Most GF bloggers out there focus on recipes around the Holidays which is great and definitely useful. I’ll include a few links to recipes that I think sound interesting, but my focus is going to be on socially navigating Thanksgiving as a gluten free dinner guest.
The problem with Thanksgiving dinner, as opposed to typical dinner parties, is tradition. Asking a host to modify their great-great-great-great grandma’s recipe for stuffing or gravy is simply not a politically correct request. So how do you approach Thanksgiving? Luckily, many common Thanksgiving Day foods are almost always gluten free: mashed potatoes, sweet potatoes, parsnips, green beans and other veggie side dishes. The major pitfalls are gravy and stuffing (and, consequently, the turkey). To guarantee a GF experience, DO NOT eat turkey that was stuffed with any type of bread. The consensus in the GF community is that the bread can bleed into the turkey and contaminate the entire bird.
What can you do to enjoy a great Thanksgiving meal without drawing too much negative attention to yourself? Here are some suggestions:
Avoid the gravy, ask your host not to pour it over the potatoes and, instead, have people use a gravy boat at the table.
Offer to make the gravy! You can tell your host that you have a killer gravy recipe that everyone just HAS to try. If the host insists that their family recipe must be at the meal then casually suggest that they not pour the gravy over the potatoes and instead keep it in a separate dish so that people can try both types of gravy. Of course, it is probably best to disclose that you need the meal to be gluten free but if you aren’t comfortable for whatever reason (maybe it is your first T-day at your in-laws or you don’t know the host very well) there are ways to dodge the gluten bullet.
When it comes to stuffing, I will list possible suggestions in the order of least extreme GF option to most extreme.
Avoid the subject altogether. Either simply do not eat turkey and make do with side dishes or bring another protein dish! It is very common for guests to bring a side dish, why not bring something comparable to turkey? You can make an herbed chicken dish or a dried fruit chicken dish. The options are endless. Pick whatever you think sounds good and go with it.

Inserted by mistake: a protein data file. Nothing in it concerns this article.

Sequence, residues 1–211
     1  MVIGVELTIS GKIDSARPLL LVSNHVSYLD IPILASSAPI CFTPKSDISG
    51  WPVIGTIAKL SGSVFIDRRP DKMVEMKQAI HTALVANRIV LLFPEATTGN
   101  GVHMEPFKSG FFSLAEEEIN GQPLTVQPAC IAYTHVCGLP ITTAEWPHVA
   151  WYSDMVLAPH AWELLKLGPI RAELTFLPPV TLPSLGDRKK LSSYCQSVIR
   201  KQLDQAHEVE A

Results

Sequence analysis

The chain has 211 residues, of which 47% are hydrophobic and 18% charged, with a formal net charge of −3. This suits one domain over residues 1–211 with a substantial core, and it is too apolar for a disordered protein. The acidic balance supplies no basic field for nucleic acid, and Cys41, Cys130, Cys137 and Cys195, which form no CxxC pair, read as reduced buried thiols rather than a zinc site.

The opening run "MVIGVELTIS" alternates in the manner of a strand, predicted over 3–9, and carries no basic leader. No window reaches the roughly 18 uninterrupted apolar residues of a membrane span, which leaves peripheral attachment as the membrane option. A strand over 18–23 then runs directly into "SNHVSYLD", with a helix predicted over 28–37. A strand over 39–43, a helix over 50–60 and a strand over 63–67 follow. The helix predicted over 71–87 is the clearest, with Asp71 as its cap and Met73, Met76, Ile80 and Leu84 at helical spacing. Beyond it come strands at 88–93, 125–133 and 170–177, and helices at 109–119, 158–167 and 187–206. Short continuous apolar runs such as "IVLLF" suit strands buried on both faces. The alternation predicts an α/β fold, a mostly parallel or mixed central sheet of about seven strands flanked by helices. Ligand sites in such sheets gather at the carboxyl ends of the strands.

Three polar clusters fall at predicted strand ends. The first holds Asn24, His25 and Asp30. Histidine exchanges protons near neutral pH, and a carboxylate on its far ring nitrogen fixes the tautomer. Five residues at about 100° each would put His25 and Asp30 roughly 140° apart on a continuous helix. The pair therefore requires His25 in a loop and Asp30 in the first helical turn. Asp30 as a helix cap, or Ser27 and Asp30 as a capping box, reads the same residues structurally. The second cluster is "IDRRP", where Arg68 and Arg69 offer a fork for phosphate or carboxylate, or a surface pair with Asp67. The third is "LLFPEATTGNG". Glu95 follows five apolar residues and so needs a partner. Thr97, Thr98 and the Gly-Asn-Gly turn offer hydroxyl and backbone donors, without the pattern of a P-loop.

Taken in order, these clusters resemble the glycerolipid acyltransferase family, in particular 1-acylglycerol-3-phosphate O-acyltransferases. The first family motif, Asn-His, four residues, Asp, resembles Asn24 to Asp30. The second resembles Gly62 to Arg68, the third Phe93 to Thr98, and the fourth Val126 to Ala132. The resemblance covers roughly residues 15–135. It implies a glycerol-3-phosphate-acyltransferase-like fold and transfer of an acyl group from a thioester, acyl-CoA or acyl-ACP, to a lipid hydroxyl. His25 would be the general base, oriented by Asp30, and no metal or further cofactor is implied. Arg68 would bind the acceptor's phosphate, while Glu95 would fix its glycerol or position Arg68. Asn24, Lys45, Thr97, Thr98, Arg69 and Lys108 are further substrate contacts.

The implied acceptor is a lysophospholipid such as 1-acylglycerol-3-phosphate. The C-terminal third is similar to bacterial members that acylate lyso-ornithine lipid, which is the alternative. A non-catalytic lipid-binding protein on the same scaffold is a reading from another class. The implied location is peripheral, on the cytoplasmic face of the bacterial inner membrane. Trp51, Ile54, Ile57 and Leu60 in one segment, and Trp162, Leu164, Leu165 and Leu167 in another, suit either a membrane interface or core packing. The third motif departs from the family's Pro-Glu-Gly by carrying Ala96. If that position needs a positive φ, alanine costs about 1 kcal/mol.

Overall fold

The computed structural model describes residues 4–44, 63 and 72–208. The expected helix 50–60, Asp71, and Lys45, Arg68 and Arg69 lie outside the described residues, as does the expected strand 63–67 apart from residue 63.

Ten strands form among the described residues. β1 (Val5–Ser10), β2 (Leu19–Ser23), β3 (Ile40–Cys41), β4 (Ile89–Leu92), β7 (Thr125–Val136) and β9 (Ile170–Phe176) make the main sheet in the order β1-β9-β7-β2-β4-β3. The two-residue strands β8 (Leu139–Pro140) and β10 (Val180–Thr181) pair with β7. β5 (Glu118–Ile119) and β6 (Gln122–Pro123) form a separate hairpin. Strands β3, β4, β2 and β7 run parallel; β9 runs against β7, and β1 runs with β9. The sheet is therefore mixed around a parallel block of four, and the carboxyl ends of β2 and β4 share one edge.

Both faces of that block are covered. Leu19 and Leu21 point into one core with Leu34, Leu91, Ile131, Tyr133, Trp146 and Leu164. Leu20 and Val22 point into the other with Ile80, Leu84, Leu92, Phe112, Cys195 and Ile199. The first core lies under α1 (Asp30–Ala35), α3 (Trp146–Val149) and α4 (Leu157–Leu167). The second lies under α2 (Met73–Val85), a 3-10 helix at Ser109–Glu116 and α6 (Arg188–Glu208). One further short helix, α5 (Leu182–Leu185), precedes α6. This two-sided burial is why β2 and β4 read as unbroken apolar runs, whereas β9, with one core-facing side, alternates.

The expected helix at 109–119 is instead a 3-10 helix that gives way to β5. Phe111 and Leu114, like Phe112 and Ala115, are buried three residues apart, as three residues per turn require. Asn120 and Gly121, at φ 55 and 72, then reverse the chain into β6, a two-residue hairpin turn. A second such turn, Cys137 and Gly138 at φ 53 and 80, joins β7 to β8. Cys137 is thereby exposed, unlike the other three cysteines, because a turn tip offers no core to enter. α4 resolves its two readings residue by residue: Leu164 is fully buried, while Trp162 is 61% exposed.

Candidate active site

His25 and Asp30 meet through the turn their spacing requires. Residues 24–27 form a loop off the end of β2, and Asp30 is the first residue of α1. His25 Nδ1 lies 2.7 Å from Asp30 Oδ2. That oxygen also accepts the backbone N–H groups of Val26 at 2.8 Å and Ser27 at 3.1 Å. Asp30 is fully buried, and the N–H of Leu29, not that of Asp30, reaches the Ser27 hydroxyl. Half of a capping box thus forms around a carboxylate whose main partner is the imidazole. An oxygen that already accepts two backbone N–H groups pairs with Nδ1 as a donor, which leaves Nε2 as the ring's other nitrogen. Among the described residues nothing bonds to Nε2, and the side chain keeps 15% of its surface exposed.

If you plan to be present during the cooking process on Thanksgiving Day, offer to bring the bread crumbs for the stuffing. Explain to the host that you are gluten free and can’t eat most breads but that you would be happy to bring the gluten free bread crumbs that they can incorporate into their original recipe. Here is a site where you can buy GF bread crumbs. If you don’t have time to order bread crumbs you can easily make them yourself! Bread crumbs are just a euphemism for diced stale bread. Grab some GF bread and/or bake some in your bread maker and let the bread dry out. Here is a tutorial on another method for making your own bread crumbs (not a gluten free tutorial, substitute GF bread).
If you are comfortable, ask whoever is making the turkey to cook the stuffing separately. This is what my family does for me! We stuff the turkey with dried fruits and have a separate baking dish to cook the traditional stuffing for the other guests.
Another pitfall is cross-contamination. If you are around during the cooking process (in my family, people just hang out in the kitchen chatting with the appointed family chefs while all the cooking happens) then keep an eye out! If you see a cross-contamination threat, intervene. If you are not around during the process, try to contact your host before the cooking starts and explain about cross-contamination eg a spoon that is used to stir the gravy should not also be used to stir the mashed potatoes. Ask if they have any questions!
My best advice is to bring your own dessert. Bring or make a gluten free pie that people can share (watch out for cross-contamination with pie servers!). You can buy GF pie crusts at most Whole Foods stores in the frozen section. Pumpkin pie is your best bet because you do not need to make a top for it. If you want a fruit pie you will need to buy all-purpose gluten free flour and make a top for the pie which is easy to do but time consuming.
If pie seems like too much of a hassle or you do not have access to a GF grocery store or simply want a less expensive option then bring ice cream! You can bring some fresh berries to go with it if you’d like.
A few more thoughts
I know it is frustrating that as a gluten free guest the burden is on you to make sure you have something to eat. Furthermore, I know it is frustrating that you have to pay for and prepare so much food just to make sure you can participate in the meal! Try to put these thoughts out of your head. This is our reality and if you dwell on it…it will drive you mad. Look up recipes that are cheap to make or recipes that stay away from flour-substitutes if you are worried about cost. Make something that is naturally gluten free (the ingredients are much cheaper this way). Think of it this way: it is unfair that you have to bring side dishes AND dessert but think about all the compliments the other guests will pay you and your cooking skills!
Good luck on Thanksgiving, readers! Try to enjoy the Holiday. If things start to get messy with cross-contamination or unsupportive dinner hosts, post here and we can discuss how to navigate the situation. Don’t forget that you have every right to advocate for yourself and your health.